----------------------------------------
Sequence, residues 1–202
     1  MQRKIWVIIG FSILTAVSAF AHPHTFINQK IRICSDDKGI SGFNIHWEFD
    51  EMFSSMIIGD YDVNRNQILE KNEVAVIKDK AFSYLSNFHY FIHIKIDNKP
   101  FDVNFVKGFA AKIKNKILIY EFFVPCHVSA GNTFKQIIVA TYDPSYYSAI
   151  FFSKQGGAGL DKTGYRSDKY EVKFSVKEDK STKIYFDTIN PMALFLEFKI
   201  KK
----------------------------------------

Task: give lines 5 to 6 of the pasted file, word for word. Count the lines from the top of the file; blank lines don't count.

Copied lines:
   151  FFSKQGGAGL DKTGYRSDKY EVKFSVKEDK STKIYFDTIN PMALFLEFKI
   201  KK